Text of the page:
Furthermore, I strongly encourage further synergies between the European Structural and Investment Funds as well as with other EU policies, in order to address these specific challenges in the most efficient way.
What are the Commission’s plans for EUSAIR, and the EU Strategy for the Adriatic and Ionian Region? Are you planning to evaluate or follow a similar policy in the Eastern Mediterranean?
The Adriatic and Ionian macro-regional strategy is Greece’s strategic link with the Western Balkans and Italy. It must be supported at political level by all means. By working together, we can achieve more than each region or country alone.
The participating countries are the owners of the macro-regional strategies. We, in the Commission, facilitate strategic coordination where our involvement brings a clear added value. Now EUSAIR’s stakeholders are focused on making the strategy operational by finalising the governance mechanism at political level, with the Governing Board, and at operational level one, with the Thematic Steering Group. The mechanism should be fully operational by the end of 2015 and should start identifying concrete actions, projects and their funding sources.
We are now in the process of adopting the fourth macro-regional strategy for the Alpine regions. At this stage, there is no plan to develop a similar policy in the Eastern Mediterranean; we will first focus on the success of the existing macro regional strategies.
It seems there is a delay in launching the new programming period both at the national (Greece) and EU level (INTERREG programs). Do you think this is due to national administration? Does the executive needs to speed up its procedures?
2014 was a year of hard preparatory work and success. The Partnership Agreement and 18 Cohesion Policy programmes were adopted. 15 billion euros from the European Regional Development Fund, the Cohesion Fund and the European Social Fund are ready to be invested to boost economic growth and improve the quality of the citizens’ everyday life.
Now, the first priority is to join forces and deliver. Greece has made considerable progress in adopting legal acts that ensure smooth transition from one programming period to another. Efforts should continue to complete this exercise. To this end, the first meeting of the Monitoring Committees of each programme is expected to be held in June in order to adopt the specialisation and selection criteria for the interventions. Specific attention should be given to the fulfillment of the ex-ante conditionalities which would ensure the swift launch of the corresponding investment priorities. Moreover, more efforts should be made for further simplification of the administrative and legal framework governing the main categories of projects. This simplification exercise is to avoid those steps creating additional and unjustified cost and delays, without downgrading the quality and safety of the projects.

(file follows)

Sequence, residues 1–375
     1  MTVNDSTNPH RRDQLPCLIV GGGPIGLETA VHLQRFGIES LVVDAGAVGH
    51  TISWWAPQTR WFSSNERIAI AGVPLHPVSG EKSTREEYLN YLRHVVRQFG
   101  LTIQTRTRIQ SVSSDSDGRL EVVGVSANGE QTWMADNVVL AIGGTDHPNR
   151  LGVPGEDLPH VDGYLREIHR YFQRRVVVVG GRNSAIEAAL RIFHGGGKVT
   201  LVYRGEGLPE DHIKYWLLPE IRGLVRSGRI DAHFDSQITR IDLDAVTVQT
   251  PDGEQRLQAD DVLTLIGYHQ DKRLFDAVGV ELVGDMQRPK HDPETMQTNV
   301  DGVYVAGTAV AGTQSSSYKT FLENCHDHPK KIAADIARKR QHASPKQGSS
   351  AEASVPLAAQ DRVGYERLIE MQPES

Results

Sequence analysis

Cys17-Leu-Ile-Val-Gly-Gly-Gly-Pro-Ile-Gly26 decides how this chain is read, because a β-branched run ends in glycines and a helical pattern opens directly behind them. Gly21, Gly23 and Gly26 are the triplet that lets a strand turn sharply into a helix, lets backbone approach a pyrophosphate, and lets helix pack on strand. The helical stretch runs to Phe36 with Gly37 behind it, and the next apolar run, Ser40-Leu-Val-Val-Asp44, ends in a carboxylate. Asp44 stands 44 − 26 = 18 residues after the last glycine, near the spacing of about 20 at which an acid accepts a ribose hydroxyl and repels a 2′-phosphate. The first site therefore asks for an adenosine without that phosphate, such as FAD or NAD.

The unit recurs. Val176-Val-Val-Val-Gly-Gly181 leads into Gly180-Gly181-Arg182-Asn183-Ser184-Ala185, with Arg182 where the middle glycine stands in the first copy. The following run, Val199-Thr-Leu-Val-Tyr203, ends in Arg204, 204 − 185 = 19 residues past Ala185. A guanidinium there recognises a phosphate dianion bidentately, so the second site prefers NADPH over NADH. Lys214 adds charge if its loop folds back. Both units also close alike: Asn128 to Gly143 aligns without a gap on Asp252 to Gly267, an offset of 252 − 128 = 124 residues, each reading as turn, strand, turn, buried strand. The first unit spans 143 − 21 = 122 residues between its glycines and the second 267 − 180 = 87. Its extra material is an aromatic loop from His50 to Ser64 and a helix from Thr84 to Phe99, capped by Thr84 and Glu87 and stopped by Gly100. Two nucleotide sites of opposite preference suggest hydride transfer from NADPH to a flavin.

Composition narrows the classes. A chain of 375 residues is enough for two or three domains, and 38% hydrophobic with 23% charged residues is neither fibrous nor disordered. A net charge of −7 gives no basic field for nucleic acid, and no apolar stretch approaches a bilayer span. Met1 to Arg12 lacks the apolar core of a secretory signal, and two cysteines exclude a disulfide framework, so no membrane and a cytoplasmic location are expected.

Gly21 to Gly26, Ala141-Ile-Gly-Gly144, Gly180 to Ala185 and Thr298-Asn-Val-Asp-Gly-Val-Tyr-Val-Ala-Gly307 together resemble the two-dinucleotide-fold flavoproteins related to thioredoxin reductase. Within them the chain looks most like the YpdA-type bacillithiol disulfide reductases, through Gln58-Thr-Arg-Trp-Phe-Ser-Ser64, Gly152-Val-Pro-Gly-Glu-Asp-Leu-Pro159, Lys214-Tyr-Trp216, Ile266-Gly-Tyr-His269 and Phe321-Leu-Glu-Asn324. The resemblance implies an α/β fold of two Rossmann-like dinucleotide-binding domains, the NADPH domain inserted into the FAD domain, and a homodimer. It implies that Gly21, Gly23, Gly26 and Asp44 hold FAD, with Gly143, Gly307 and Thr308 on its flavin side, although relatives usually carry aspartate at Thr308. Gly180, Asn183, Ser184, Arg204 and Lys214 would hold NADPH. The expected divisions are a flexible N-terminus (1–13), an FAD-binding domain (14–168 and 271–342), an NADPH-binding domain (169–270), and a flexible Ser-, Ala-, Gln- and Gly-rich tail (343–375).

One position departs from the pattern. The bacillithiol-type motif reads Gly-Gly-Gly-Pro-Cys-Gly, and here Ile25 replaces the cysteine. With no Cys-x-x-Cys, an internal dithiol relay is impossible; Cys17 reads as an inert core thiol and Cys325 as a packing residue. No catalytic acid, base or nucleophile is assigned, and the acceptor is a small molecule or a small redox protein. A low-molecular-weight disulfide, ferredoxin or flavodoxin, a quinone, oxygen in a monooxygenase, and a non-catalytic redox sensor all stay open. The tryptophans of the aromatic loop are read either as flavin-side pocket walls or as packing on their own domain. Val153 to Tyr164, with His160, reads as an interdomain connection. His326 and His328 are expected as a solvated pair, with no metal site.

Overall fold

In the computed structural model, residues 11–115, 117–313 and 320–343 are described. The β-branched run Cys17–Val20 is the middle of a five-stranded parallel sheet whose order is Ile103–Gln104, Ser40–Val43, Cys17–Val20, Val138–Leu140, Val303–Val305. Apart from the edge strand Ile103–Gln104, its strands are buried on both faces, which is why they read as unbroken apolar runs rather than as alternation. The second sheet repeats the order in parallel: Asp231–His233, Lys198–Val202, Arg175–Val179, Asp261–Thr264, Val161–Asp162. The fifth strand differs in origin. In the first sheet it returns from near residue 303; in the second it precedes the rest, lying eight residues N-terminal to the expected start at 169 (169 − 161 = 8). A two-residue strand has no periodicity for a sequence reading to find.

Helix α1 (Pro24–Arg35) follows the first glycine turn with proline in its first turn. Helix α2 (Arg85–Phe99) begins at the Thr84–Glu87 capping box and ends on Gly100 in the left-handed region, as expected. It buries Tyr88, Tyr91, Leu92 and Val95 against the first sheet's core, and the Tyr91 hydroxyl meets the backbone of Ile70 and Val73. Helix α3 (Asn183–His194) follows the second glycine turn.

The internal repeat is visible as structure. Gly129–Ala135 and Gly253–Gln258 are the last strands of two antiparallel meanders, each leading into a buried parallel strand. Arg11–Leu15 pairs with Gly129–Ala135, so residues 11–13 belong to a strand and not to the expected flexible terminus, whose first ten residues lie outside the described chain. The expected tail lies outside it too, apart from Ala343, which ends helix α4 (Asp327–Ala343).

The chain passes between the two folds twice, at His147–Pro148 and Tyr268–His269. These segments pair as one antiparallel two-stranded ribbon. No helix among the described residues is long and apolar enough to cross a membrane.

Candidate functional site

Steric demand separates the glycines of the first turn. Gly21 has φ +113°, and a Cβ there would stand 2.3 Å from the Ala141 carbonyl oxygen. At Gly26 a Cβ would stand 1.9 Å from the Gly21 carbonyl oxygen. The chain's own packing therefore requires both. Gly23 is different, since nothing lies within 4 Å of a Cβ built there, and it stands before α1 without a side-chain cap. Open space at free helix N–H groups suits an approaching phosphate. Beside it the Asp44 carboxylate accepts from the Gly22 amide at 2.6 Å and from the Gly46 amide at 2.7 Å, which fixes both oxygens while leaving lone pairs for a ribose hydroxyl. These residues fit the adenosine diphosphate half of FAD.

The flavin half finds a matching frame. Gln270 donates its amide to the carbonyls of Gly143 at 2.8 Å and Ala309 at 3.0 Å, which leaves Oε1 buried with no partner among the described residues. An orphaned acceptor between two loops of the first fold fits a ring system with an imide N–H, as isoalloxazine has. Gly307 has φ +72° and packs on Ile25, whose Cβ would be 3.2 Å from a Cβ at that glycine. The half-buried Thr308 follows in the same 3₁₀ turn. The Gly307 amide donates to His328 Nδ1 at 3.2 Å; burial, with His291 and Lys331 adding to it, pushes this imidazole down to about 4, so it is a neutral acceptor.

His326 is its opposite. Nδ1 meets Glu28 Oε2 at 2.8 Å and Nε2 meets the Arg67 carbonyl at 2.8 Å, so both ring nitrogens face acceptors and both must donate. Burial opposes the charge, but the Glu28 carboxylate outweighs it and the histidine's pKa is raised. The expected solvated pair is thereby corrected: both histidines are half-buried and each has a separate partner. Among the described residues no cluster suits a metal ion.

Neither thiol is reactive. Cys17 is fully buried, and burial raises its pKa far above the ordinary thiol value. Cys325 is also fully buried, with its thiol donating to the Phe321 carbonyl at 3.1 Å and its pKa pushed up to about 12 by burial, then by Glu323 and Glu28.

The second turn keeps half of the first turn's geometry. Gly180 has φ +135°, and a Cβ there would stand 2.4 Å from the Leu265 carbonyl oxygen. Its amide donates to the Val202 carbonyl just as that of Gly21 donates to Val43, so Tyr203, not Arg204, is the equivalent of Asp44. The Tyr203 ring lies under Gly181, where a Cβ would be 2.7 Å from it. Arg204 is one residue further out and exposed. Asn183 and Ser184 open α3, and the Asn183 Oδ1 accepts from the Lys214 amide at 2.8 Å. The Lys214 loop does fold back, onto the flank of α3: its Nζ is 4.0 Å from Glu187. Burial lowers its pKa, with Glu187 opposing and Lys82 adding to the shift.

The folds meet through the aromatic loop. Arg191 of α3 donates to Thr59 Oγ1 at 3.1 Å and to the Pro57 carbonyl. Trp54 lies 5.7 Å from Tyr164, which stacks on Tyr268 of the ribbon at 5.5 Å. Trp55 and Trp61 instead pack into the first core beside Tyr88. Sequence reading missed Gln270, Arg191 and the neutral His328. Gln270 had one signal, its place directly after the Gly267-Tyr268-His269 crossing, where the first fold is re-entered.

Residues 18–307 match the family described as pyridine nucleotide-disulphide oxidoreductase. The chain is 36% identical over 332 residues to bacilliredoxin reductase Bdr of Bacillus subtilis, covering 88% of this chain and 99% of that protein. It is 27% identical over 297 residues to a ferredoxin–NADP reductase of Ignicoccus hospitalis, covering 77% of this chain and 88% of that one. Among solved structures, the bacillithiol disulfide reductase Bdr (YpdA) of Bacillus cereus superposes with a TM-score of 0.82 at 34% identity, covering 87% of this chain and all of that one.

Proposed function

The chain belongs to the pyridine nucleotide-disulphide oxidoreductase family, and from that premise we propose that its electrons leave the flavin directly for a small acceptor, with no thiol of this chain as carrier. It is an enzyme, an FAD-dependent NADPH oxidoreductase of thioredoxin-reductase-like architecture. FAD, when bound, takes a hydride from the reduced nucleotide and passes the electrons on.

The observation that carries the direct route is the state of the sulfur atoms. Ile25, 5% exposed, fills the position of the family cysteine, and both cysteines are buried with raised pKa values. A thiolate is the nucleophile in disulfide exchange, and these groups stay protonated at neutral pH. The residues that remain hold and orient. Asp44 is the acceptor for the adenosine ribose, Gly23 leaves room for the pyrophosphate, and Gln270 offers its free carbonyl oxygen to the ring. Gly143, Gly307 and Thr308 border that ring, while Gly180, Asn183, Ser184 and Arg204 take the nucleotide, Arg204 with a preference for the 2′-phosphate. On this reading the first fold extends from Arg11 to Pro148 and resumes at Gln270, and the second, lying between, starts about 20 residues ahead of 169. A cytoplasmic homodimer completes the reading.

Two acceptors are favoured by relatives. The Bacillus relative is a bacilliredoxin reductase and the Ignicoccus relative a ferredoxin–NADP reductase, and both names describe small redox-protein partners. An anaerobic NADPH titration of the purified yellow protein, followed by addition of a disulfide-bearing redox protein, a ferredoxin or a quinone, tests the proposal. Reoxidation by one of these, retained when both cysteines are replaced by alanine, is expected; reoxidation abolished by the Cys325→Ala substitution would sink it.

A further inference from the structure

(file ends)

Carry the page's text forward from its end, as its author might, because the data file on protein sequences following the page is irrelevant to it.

There is no delay in the INTERREG programmes or in the Instrument for Pre-Accession Assistance-Cross Border Cooperation (IPA-CBC) programmes managed by Greece. The programming process of the new Balkan-Mediterranean Transnational Programme – decided only at the end of 2013 – is in an advanced stage and there is no delay on the Managing Authority`s nor on the Commission`s side. The same applies to the IPA-CBC Greece-the former Yugoslav Republic of Macedonia and IPA-CBC Greece-Albania. Both programmes were submitted on time to the Commission, and their adoption is expected for the summer 2015.